Sunday, January 30, 2011
Thursday, January 27, 2011
The Collection Project: The Sanest Man in the World
Obviously, that title – The Raven, I mean – should tip anyone off to some sort of Poe connection in the film, and it is part of a short cycle of Poe films that Lugosi made. But The Raven is fascinating in that instead of taking Poe’s simple poem of Gothic mourning and inflating it absurdly to somehow encompass mad science and shambling monsters, which is the kind of thing that Poe must be used to by now, it instead uses Poe’s fiction, and the abuse of it, as the basis for Villon’s madness. Admittedly, this abuse takes the form of a torture room in which Vollin has recreated a number of lethal devices described in Poe's fiction, an idea which has been hammered into the ground over the past several decades, but here Vollin goes out of his way to assume an affinity with Poe that betrays a complete misunderstanding of what Poe was about. Vollin gets off on Poe's violence in a way Poe himself never did.
Vollin's love for Jean develops quickly, but really gets moving when she invites him to see her perform. She's a dancer, and her current routine is one she calls "The Spirit of Poe", and involves balletic flailing on her part while some guy reads "The Raven" out loud. It is, quite frankly, a pretty doofy bit, but it cements Jean's place in Vollin's black and shriveled heart. Curiously, this routine at times also calls to mind the climactic ballet in Darren Aranofsky's Black Swan, though with the psychosis coming from outside so that Jean becomes the raven in Vollin's mind, as opposed to Nina becoming the black swan in her own.
Anyway. The Raven is a treat. Occasionally absurd (Jean's car accident, which sets everything in motion, seems to have been caused by her desperate fear of detour signs) but easy on comic relief, something I can usually do without in such films, it's a jolt of pure, manic, old Hollywood-style horror, wearing its armchair psychology on its sleeve while somehow, at the same time, making it serve the characters and the emotion. And the moral of it might just be: Don't project yourself onto what you read. Sometimes I have no clue why I would ever want to watch any other kind of film.
Monday, January 24, 2011
Resume Normal Life
From now: exercise
Thursday, January 20, 2011
The Collection Project: Furniture
They're nothing if not efficient, these killers. The scene is fast, and Prescott and Serpico play the hitmen as professionals, good at their jobs without a trace of psychology threatening to bust them at their seams. They've been paid well, and they get on with their work.
The method of Edens' execution is poison, which they inject into his foot with as little thought to its effects as they would if their syringe contained a mild anaesthetic.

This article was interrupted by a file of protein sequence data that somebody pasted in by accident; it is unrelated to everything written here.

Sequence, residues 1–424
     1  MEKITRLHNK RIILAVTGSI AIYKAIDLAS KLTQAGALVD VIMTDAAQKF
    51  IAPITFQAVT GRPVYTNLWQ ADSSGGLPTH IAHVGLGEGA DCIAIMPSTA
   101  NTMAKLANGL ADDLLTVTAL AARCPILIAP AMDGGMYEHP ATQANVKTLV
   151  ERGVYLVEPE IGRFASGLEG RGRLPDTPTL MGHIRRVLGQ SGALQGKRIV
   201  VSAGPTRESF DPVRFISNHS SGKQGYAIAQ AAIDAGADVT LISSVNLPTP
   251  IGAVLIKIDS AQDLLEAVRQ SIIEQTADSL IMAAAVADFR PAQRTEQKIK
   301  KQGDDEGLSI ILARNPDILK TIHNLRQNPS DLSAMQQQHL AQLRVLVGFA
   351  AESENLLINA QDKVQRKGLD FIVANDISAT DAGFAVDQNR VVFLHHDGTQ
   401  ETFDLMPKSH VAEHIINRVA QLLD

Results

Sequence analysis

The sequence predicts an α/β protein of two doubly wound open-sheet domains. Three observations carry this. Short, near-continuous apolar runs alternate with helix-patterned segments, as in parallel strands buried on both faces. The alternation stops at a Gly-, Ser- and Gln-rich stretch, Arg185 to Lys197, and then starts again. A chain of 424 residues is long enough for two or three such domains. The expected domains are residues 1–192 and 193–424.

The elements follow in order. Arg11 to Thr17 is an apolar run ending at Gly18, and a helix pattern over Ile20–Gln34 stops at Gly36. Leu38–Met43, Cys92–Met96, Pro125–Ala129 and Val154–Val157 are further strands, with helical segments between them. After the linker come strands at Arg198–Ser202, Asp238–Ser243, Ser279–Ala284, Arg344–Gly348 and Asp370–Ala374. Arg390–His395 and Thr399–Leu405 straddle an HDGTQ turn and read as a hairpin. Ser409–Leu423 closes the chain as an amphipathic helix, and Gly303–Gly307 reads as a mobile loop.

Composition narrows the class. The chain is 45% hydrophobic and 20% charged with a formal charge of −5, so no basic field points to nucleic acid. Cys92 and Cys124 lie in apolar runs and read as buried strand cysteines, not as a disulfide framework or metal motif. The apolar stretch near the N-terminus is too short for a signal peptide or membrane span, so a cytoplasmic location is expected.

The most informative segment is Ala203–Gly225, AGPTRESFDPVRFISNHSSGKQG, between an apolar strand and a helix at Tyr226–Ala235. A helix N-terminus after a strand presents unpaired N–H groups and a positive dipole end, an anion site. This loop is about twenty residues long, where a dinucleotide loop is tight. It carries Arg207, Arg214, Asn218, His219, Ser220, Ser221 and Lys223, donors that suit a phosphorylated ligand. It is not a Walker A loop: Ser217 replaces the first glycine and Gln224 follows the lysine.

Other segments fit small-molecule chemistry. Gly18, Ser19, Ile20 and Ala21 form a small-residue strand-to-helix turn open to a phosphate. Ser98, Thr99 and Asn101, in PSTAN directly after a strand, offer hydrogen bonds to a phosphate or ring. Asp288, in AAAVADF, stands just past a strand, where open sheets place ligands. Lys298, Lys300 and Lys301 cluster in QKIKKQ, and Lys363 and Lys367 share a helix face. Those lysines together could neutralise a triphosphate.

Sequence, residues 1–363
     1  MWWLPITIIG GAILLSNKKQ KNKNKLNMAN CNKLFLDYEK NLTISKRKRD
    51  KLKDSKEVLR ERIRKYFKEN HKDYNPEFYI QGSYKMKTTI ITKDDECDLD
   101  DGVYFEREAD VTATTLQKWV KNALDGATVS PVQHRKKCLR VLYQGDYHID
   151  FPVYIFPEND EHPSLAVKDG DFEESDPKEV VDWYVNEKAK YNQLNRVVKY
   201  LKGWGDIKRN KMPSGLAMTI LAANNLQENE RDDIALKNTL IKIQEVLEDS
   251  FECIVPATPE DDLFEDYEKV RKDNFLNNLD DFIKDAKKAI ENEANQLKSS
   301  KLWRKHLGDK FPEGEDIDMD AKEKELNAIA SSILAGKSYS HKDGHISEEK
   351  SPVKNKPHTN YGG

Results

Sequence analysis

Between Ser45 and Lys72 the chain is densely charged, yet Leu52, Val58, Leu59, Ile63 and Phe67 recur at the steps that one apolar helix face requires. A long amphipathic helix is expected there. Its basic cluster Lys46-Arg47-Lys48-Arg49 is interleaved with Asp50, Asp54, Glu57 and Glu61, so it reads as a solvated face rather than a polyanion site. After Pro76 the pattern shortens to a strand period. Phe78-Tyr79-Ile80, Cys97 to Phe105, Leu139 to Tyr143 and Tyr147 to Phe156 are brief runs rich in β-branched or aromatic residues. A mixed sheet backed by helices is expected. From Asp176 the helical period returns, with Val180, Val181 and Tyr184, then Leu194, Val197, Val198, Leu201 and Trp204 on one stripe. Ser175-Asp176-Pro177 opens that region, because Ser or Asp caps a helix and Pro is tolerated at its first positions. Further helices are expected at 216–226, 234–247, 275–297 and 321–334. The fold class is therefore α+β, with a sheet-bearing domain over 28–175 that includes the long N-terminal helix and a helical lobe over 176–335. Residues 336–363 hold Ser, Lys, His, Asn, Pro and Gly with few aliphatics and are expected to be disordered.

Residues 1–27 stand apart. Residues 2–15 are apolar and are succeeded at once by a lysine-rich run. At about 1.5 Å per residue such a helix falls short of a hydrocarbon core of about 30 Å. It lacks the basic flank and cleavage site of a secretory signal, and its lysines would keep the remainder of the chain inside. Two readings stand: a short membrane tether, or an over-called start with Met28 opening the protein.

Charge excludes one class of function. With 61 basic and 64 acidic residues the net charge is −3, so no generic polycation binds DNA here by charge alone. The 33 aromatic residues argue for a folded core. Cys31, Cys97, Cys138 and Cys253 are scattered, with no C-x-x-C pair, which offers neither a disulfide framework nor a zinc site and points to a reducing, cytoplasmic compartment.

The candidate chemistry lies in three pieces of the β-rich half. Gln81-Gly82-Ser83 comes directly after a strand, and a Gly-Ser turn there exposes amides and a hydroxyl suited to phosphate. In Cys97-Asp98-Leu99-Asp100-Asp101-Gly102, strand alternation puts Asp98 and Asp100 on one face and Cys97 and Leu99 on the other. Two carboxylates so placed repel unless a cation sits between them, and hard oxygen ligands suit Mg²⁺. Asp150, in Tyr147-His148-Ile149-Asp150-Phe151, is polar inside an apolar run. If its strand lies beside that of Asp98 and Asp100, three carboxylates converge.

It is not a mild anaesthetic, however, and all his killers need to do now is wait for Edens to die.
Which he does.
Though the two don't entirely match up, while thinking about this scene recently I was reminded of an actual murder I heard about -- I may have the details of it slightly wrong -- that involved a husband slowly and systematically poisoning his wife by putting a little bit of antifreeze in her, I believe, Gatorade every morning. Apart from the sad and prolonged death of that poor woman, the most horrifying feature of this case is the idea that this man woke up every morning, killed his wife a little bit, went about his day, and successfully went to sleep that night, day after day. There is a blankness in that man, as there is -- and I don't mean to connect these things too closely, since in one case a real person really died -- in the hitmen played by Prescott and Serpico. In Michael Clayton, Edens becomes an object, a piece of furniture, as I've said, to be brought down to the dumpster. It's only when the camera lingers on his corpse after the hitmen have left that any of his humanity is restored.
And this is violence. When violence disturbs in films, it's usually because much blood is spilled, or yards of guts have come unspooled, but I've never been able to shake this scene of bloodless murder in Michael Clayton since I first saw it more than three years ago. This is violence as work. This is violence as a project to be seen through to completion. This disturbs.
POST-SCRIPT: I should have done this before, but I'd like to thank Ryan Kelly for providing the screengrabs for this post.
Monday, January 17, 2011
I'm Gonna Get Those Bastards
Thursday, January 13, 2011
A Quote to Ponder While I Search for Something to Write About
"Wait! There, I feel once again that I shall really express myself, shall bring the words to bay. Alas, no one taught me this kind of chase, and the ancient inborn art of writing is long since forgotten -- forgotten are the days when it needed no schooling, but ignited and blazed like a forest fire -- today it seems just as incredible as the music that once used to be extracted from a monstrous pianoforte, music that would nimbly ripple or suddenly hack the world into great, gleaming blocks -- I myself picture all this so clearly, but you are not I, and therein lies the irreparable calamity. Not knowing how to write, but sensing with my criminal intuition how words are combined, what one must do for a commonplace word to come alive and to share its neighbor's sheen, heat, shadow, while reflecting itself in its neighbor and renewing the neighboring word in the process, so that the whole line is live iridescence; while I sense the nature of this kind of word propinquity, I am nevertheless unable to achieve it, yet that is what is indispensable to me for my task, a task of not now and not here. Not here!"
- Vladimir Nabokov, Invitation to a Beheading
Sunday, January 9, 2011
Ah, why is this one so hard!! All I can think of are things like Event Horizon, which are like horror movies but in space! And on that same note, I'd rather not choose something as easy as Alien.
I've decided to not actually admit to any shortcomings in this particular quiz, because it's become too much an embarrassment -- practically its own feature -- over the years. So I'm going to answer this question by simply saying that I really like Cary Grant a whole lot.
I never see movies before anyone else has had a chance to see them.
Fitzcarraldo. Or Stardust Memories.